Mourning via installation. The exhibition Abandoned by the Fishers of Men by Xenia Kudrina
Text: Egor Sofronov
Photographer: Victor Moon
«Follow Me and I will make you fishers of men» (Mark 1:17) — such was the name given to the first apostles in the Synoptic Gospels: the fishermen on the shores of the Sea of Galilee who abandoned their nets to throw in their lot with the revelation of struggle and creativity. Having renounced a worldly way of life, they acquired the holy charisma of persuasiveness and the inspiration of a divine mission. Central to the motifs of being chosen and transformed was the gesture and act of leaving behind. All attachments to the world, to one’s kin, and even mourning for dying parents were to be left behind, or, to put it more strongly, be severed, in order that those who had taken this decision might approach the living source of truth, and experience first-hand transformation in His image. All ties, even to those closest and most important to us, must be cut in the end. Any place, even that which is most reverently intertwined with becoming and formative aspects, is ultimately destined to perish and crumble away, all in line with the irreversible and universal entropy of matter. And if something does remain, it is decay. Mortality is predetermined as the cleaver of all residues, leaving nary a trace but a ceaseless wiping away of the remnants. Genuine art is nothing if not an openness towards challenging and accepting this as an impossibility.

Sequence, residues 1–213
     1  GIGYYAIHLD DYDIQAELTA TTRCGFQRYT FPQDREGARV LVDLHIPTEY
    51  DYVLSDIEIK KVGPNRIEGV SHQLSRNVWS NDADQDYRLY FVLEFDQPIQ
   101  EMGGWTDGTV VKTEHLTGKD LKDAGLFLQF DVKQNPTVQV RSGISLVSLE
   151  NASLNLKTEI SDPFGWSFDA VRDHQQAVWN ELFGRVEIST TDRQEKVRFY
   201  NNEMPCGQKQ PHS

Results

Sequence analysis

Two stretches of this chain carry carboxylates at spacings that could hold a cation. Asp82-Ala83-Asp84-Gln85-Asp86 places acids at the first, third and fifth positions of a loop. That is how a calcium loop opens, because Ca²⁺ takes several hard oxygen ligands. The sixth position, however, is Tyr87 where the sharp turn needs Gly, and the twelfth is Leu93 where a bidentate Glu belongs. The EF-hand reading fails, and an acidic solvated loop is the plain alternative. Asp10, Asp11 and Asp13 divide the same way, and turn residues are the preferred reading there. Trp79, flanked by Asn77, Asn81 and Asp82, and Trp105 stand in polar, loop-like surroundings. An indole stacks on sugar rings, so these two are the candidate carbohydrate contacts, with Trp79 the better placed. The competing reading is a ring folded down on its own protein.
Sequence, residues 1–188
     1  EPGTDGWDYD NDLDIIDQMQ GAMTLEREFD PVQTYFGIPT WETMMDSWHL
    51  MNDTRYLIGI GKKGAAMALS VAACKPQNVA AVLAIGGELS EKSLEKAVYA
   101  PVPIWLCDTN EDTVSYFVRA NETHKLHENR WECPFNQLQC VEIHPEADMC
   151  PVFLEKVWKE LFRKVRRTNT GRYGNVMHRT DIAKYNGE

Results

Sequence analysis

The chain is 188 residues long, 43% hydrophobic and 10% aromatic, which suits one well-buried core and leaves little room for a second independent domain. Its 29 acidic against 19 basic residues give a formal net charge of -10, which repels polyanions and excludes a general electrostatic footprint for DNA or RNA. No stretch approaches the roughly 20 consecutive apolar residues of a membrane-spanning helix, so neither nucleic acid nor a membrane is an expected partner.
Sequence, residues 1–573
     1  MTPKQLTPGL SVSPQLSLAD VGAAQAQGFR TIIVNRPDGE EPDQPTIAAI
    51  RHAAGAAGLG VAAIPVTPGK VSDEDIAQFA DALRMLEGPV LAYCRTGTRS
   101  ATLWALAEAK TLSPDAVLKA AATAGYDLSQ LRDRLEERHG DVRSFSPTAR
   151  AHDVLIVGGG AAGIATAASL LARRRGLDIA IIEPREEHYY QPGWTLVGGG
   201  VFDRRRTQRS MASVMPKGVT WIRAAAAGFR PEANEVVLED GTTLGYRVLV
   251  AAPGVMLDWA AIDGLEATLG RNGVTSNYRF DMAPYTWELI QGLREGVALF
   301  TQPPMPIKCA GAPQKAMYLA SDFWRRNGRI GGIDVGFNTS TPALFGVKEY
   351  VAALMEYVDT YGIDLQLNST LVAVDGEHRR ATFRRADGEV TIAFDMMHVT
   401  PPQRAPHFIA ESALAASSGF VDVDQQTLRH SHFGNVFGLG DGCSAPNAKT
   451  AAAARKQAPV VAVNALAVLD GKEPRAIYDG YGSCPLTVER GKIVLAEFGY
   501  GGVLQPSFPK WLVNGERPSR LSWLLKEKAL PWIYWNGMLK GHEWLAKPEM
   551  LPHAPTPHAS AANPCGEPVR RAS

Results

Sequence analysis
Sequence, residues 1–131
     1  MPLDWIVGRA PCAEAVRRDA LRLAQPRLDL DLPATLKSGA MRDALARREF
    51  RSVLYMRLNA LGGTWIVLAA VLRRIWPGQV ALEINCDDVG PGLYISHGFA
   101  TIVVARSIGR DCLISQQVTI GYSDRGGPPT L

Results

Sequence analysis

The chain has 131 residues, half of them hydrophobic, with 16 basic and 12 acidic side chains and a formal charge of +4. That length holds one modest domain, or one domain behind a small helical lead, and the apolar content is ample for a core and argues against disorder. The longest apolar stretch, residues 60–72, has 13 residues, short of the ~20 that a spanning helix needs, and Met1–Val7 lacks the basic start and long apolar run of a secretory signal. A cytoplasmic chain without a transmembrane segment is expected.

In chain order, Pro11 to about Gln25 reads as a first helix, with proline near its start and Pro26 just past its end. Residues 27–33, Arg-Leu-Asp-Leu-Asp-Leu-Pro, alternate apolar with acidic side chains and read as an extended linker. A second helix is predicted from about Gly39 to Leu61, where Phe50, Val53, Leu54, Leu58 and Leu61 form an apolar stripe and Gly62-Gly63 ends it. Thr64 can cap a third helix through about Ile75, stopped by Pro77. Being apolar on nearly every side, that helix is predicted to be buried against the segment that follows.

The father of Xenia Kudrina, an artist who was born in Lensk in Yakutia, was a fisherman. Her exhibition in ISSMAG gallery, an independent chamber space housed in a small garage, does not include the man-made objects that are the author’s latest works (save for one miniature map enclosed in her grandmother's weather diary). Rather, she curates her own memories, taking them out to be remembered anew, to be submitted to forgetting, and to be internalised correctly. To bring out or export: phrases now used in common parlance to refer to the mental load of stress and to the logistics of supply chains (of containers, parcels, and installations).
Abandonment anticipates the other, the excessive, and numbers greater than one. It always comes with a forewarning: and so the fishermen, having become fishers of men, leave behind not only their trade, names, rootedness and homeland – for the sake of fighting for a perfectly ordered world on the far side of death and falsehood – but also forsake themselves, and those who would go on to follow them in their turn. They leave them alone and inconsolable, but sure that their own transformation into fishers of the elusive is to be their consolation. Abandoned by catchers, they are left to remain catchers themselves, and their quarry is a still greater loss. One not available for purchase.